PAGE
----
Steady as She Goes

Hi everyone! Sorry for being relatively inactive on this blog for a while. I actually still have several topics lined-up that I’m keen to write about, but I keep doubting myself and my “right” to discuss complicated issues. My inner saboteur (as RuPaul would call it) has been acting up.

So in the spirit of why I started this blog, I’m going to take this post back to my writing “roots” and share some random musings about my life in general, so bear with me if things get a little messy!

First of all, I feel like I should admit that I’m guilty. I’m guilty of sharing posts encouraging people to prioritize their own mental health and to take things at their own pace, but I struggle to listen to them myself.

“Healing takes time”

“Heal at your own pace”

“No one can rush your growth”

Okay so I guess this doesn’t make me “guilty” as much as it makes me human, or at most slightly hypocritical, but I’ve come to see what might seem obvious – that a lot more goes into to truly learning something beyond just reading it on Instagram.

I noticed today that even though I continually see these kinds of posts, I’ve mostly stopped connecting with them and I think I have to come to these realizations on my own.

I don’t doubt that it helps to have the ideas planted in the back of my mind (and for this exposure through social medial I’m very grateful) but I now understand more of the process between seeing something “on paper” and living in accordance with it in my day to day life.

It’s one thing to objectively acknowledge the idiosyncrasies of recovering from mental illness and another to extend that acceptance to your own situation and have patience with yourself day to day.

It’s one thing to understand that personal growth doesn’t necessarily have a predictable trajectory, and another to be okay with this when you’re asked to make decisions about where your treatment is going.

It’s hard to feel like you’re finally starting to accept that you actually need help when your support expresses their concern that it’s taking too long and costing too much.

I feel like I’ve barely scratched the surface of what I need to address, yet the shame and fear I feel for being no where near “done” eclipses any glimmer of pride I might have had for even getting this far at all.

I can’t help but get frustrated at myself for living “one day at a time” when doing so seems to just move me in circles and perpetuate my avoidance. And the thing is – I still believe taking things day-by-day to be solid advice. I just feel like I am the variable that’s ruining it. The determining factor. The weakest link.

I’m quick to dismiss myself, Or to somehow decide that I’m getting things wrong when this whole process doesn’t necessarily have an answer to begin with anyways. It’s nice to see quotes about the poetic beauty of living, learning and messing up but most days in real life, it just feels damn hard. Maybe it’s a matter of perspective – Even though I feel like a spinning, demagnetized compass needle, I guess I must point in the correct direction once in a while. I have to keep reminding myself that growth might happen in this discomfort and uncertainty even if it feels pretty damn overwhelming and chaotic.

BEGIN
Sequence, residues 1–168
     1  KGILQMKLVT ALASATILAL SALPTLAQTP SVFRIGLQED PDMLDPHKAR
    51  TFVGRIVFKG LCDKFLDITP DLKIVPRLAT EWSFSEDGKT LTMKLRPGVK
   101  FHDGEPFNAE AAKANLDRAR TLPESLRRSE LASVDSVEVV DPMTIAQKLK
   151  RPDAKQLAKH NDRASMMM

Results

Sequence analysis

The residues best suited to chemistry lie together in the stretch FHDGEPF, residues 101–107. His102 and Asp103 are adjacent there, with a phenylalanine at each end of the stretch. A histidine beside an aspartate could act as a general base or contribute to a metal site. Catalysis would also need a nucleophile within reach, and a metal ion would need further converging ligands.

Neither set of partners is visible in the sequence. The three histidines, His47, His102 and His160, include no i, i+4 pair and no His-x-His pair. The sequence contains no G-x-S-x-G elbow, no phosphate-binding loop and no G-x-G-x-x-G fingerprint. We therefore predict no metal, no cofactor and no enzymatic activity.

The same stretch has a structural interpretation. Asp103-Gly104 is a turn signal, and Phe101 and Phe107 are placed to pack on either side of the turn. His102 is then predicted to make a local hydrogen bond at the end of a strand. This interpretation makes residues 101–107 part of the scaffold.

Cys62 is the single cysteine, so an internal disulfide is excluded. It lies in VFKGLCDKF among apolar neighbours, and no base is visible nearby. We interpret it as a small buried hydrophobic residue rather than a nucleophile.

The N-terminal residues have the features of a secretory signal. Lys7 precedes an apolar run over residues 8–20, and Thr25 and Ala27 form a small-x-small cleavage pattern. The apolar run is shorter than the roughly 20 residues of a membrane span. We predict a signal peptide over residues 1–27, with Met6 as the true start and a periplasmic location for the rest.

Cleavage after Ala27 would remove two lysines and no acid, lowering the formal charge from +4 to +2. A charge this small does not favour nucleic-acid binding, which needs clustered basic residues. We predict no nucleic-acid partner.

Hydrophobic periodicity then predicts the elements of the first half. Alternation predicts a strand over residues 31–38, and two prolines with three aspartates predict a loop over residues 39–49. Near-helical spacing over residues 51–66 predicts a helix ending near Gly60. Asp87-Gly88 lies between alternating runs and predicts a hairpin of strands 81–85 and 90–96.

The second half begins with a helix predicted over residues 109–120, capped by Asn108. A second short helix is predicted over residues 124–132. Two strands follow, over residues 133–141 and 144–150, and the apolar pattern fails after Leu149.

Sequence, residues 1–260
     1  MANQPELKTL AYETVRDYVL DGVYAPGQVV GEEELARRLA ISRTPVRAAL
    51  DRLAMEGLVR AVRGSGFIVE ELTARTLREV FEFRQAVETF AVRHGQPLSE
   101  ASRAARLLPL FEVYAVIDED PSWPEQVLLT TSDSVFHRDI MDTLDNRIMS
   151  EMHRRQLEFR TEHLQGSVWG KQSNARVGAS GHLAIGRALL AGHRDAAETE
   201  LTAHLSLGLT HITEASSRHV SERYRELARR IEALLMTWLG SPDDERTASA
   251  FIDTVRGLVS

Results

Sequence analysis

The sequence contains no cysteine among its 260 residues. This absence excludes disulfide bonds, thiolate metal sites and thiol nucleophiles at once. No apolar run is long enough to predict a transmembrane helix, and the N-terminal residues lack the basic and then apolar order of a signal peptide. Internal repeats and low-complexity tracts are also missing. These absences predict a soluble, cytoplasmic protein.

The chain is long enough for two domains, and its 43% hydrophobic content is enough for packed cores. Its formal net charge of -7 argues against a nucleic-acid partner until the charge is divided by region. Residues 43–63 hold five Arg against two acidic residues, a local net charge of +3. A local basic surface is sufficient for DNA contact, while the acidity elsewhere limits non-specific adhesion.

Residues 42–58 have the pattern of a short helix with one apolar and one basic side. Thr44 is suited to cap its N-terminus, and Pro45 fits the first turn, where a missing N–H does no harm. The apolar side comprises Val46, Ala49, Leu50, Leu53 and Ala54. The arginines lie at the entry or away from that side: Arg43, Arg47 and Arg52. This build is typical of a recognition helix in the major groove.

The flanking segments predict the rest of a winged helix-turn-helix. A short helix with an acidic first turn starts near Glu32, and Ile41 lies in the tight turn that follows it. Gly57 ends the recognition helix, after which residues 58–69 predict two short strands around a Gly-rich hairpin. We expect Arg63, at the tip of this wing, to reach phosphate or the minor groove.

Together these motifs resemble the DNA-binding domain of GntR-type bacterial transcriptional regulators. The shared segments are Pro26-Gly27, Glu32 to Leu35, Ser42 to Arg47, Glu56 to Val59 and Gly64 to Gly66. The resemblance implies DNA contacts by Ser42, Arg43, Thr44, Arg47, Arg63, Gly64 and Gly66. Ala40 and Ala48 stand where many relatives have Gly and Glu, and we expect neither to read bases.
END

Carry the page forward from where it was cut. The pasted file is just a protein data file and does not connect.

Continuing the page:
I know I beat myself up. And I know now that this hasn’t magically stopped since choosing to commit to recovery. Now I just find new things I fail to meet the mark at. I’m starting cognitive processing therapy soon (CPT) – to work through events of my childhood that could have contributed to the formation of my maladaptive behaviours.

I’m trying to radically accept that just because I don’t have one specific Capital T “Trauma” doesn’t mean my experiences weren’t significant. Just because my situation was different from another (even another within my own family) doesn’t mean I don’t have a right to be affected by it. The truth of the matter is, that I WAS influenced by many experiences in my formative years. I AM still currently suffering the consequences of them. I DO deserve to safely explore ways to healthily integrate these past experiences into a better future.

I’m not overly-sensitive. I’m sensitive. Maybe someone else might have responded differently to my environment, but at this point there’s no point in worrying about it. It is what it is, and I have the opportunity to move forward with something that might help – so I’m going to.

Every time I try to turn inward and start uncovering some of what lies beneath it all, I notice substantial feelings of self-doubt. That voice trying to protect me from potential failure or pain that really just keeps me stuck. Prevents me from ever succeeding. Stops me from truly living. My illness is digging in it’s heals trying to hold on. Familiarity beckons – misconstrued as “safety”. The temptation to retreat to what I know, no matter how destructive, gets louder. But I know now, that just because something feels familiar doesn’t make it better.

x Jill

 

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